First off, the merfolk world created here is immense and extremely detailed. Thankfully there's a glossary in the back 'cause you'll need it. The beginning is one big info dump, but it works in quite well and doesn't feel like an info dump. It'll take a while to wrap your head around all the new terminology, and the water/ocean puns do grate a little after a while, but it's all very well put together and extremely creative. It's closer to our culture than I expected though, the slang is similar (just with water/ocean puns), and the way the characters talk to each other is like stepping foot into a high school.

Second, the whole book (and I'm assuming the series in general) is full of strong female characters that make nice, healthy friendships with one another (no frenemies, yay!). Isabella, though not the most ideal mom from what we see of her in the beginning, is an amazing example of a good leader who doesn't back down in the face of danger but isn't impulsive to the point of stupidity either. Serafina, though unsure of herself due to her mom-complex, is a girl that knows what's right and what she should do (even though she's scared silly to actually do it), and has the makings of a great queen. Neela is a great friend to Sera, and her ability to gush over candy and call out the boys on their crappy behaviour is awesome. The mer society is also matriarchal rather than patriarchal, everything is inherited through the mother, and through their rules of succession only a princess can rule the kingdom.

Third, yay diversity! There are characters of European, Indian, Chinese, and middle-eastern backgrounds.

Fourth, the romance was light and not a huge feature in the book. It's established that Sera likes Mahdi and that he liked her once upon a time, but his current playboy behaviour has put a damper on things.

Okay, now on to what I'm not nuts about...

First, there's not enough character development. Aside from Serafina we don't really get any insight into any other character. The girls are strong and the whole merworld has feminist leanings, but the people in it aren't developed enough to really be believable, they're more tropes right now.

Second, I don't know if it's just me, but the book made me feel like the author wrote this for Disney purely as a launch to a new movie or mini-series or something. The story and the plot kind of fell flat a bit after the Dokimi, and the dialogue between characters makes this feel sillier than I assumed it would be. I expected a more mature and darker story and I'm just not feeling it at this point, hopefully the subsequent books will fulfill this for me.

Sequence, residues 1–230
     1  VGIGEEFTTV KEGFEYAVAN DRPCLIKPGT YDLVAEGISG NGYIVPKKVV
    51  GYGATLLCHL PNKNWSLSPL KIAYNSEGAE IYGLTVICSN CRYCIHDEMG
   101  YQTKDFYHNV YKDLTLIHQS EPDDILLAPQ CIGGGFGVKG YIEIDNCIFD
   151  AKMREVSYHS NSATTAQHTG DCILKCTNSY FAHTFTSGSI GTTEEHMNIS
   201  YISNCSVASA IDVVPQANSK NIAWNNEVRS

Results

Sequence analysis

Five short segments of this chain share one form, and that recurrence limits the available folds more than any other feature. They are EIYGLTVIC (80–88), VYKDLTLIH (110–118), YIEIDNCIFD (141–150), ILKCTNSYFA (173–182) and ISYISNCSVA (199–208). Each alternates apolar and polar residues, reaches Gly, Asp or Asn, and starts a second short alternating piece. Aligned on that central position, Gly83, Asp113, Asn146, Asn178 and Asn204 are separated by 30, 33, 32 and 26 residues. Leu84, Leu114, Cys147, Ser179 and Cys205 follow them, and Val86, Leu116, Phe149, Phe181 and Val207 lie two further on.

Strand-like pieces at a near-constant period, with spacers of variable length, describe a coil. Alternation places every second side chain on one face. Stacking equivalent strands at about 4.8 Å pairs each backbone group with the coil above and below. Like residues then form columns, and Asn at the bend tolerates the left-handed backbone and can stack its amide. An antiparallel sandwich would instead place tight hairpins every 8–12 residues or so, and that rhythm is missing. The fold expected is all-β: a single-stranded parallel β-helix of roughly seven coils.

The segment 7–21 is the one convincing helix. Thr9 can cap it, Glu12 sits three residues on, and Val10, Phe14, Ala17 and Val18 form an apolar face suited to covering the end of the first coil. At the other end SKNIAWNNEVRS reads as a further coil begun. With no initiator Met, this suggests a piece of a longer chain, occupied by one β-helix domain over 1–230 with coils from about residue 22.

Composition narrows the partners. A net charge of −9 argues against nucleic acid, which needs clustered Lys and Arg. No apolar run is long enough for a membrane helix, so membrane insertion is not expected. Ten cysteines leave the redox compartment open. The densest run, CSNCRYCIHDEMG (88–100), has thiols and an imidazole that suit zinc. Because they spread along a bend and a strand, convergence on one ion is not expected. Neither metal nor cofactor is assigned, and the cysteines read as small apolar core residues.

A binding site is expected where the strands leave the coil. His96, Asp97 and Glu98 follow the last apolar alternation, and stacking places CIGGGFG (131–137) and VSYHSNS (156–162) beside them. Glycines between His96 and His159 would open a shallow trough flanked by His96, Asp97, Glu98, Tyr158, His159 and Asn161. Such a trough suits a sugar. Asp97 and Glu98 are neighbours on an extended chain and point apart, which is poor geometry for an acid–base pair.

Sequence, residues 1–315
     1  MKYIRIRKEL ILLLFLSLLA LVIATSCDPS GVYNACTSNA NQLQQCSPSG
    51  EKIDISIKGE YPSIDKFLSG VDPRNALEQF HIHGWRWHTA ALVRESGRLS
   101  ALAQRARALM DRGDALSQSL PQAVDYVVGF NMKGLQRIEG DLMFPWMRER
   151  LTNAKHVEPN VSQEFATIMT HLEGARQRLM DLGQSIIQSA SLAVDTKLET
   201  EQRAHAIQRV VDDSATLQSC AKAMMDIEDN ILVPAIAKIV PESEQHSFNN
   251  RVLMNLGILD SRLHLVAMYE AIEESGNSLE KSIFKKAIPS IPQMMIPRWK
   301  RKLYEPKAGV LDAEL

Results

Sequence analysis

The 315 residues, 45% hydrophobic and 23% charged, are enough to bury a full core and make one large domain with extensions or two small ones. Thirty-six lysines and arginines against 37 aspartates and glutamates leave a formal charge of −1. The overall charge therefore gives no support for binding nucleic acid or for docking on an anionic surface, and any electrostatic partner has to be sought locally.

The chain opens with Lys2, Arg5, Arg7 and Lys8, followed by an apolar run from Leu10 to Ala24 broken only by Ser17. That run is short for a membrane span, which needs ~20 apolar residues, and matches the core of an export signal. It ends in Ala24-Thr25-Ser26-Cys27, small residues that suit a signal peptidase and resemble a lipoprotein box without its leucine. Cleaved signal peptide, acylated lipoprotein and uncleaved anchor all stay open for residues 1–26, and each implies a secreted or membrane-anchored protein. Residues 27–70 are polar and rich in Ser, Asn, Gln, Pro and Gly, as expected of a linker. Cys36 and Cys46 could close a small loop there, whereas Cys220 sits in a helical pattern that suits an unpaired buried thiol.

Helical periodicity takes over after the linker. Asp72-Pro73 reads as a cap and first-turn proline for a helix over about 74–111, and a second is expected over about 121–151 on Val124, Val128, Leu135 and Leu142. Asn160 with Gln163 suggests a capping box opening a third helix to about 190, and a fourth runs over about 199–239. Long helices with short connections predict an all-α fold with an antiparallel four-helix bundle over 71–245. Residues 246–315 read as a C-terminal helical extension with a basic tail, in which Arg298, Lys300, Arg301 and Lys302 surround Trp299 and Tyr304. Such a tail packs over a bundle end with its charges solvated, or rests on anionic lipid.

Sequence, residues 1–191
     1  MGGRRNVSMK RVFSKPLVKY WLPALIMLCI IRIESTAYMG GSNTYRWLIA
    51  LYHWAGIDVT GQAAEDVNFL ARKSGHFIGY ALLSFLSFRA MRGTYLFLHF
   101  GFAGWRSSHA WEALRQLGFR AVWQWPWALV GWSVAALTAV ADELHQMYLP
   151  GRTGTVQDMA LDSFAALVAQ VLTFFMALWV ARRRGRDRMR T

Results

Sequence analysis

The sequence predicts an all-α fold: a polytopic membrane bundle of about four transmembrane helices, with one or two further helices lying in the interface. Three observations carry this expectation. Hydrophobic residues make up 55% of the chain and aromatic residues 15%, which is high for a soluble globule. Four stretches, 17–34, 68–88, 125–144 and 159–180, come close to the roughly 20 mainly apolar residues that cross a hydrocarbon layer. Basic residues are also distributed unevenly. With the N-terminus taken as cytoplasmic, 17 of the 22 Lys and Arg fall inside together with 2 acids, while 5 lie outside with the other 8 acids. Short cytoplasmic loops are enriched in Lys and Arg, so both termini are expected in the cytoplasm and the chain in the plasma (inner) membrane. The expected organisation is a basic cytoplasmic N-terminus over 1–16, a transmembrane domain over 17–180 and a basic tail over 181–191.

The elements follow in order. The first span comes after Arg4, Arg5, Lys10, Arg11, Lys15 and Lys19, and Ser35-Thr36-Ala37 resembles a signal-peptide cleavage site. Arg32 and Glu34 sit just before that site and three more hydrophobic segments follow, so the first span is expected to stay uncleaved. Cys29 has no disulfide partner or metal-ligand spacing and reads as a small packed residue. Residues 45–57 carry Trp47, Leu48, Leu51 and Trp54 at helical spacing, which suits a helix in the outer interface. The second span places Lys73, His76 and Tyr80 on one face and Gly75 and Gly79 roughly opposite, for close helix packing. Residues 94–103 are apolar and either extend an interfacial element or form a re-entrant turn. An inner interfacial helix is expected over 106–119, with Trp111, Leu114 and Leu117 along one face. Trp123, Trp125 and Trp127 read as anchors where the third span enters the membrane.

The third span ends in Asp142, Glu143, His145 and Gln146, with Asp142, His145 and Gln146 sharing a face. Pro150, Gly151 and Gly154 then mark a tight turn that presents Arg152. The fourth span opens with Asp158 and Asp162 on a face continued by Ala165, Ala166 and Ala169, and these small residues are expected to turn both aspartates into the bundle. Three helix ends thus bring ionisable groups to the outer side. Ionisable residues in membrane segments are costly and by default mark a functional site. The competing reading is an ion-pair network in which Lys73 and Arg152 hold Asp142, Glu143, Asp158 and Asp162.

Wonderful take on the mermaid tale for older readers, incredibly creative and feminist story.

Thoughts on the cover:
Gorgeous, this whole book is pure eye candy. The cover, the maps on the inside covers, the blue font and header at the top of each chapter, I love it all.

Saturday, July 12, 2014

Prisoner of Night and Fog - Anne Blankman

Title: Prisoner of Night and Fog
Author: Anne Blankman
Publisher: Balzer + Bray (HarperCollins), 2014 (Hardcover)
Length: 398 pages
Genre: Young Adult; Historical Fiction
Started: July 7, 2014
Finished: July 12, 2014

From the inside cover:

In 1930s Munich, danger lurks behind dark corners, and secrets are buried deep within the city. But Gretchen Muller, who grew up in the National Socialist Party under the wing of her Uncle Dolf, has been shielded from that side of society ever since her father traded his life for Dolf's, and Gretchen is his favourite, his pet.

Uncle Dolf is none other than Adolf Hitler. And Gretchen follows his every command.

Until she meets a fearless and handsome young Jewish reporter named Daniel Cohen. Gretchen should despise Daniel, yet she can't stop herself from listening to his story: that her father, the adored Nazi martyr, was actually murdered by an unknown comrade. She also can't help the fierce attraction brewing between them, despite everything she's been taught to believe about Jews.

As Gretchen investigates the very people she's always considered friends, she must decide where her loyalties lie. Will she choose the safety of her former life as a Nazi darling, or will she dare to dig up the truth - even if it could get her and Daniel killed?

From debut author Anne Blankman comes this harrowing and evocative story about an ordinary girl faced with the extraordinary decision to give up everything she's ever believed...and to trust her own heart instead.

I'm a historical fiction buff, especially stories from the WWII era, and the plot was just too unique to pass up.

The story takes place in 1931, a short time before Hitler is elected to power, but the National Socialist Party is ever popular, and Hitler is admired like a celebrity. Gretchen and her family were looked after by "Uncle Dolf" after her father died after taking the hit meant for Hitler during the Beer Hall Putsch in 1923 when the party was in its infancy. Now seventeen, Gretchen is the party's little doll: blonde, innocent, smiling for photo ops for the newspapers and magazines. Though she nods her head when Hitler and her older brother spout the Nazi doctrine, she doesn't truly believe it in her heart, and those beliefs are further challenged when she meets Daniel who tells her his theories on her father's death. The two of them travel through Munich, talking to witnesses of the event, uncovering documents from the Great War, and piecing together the events that have since been covered up.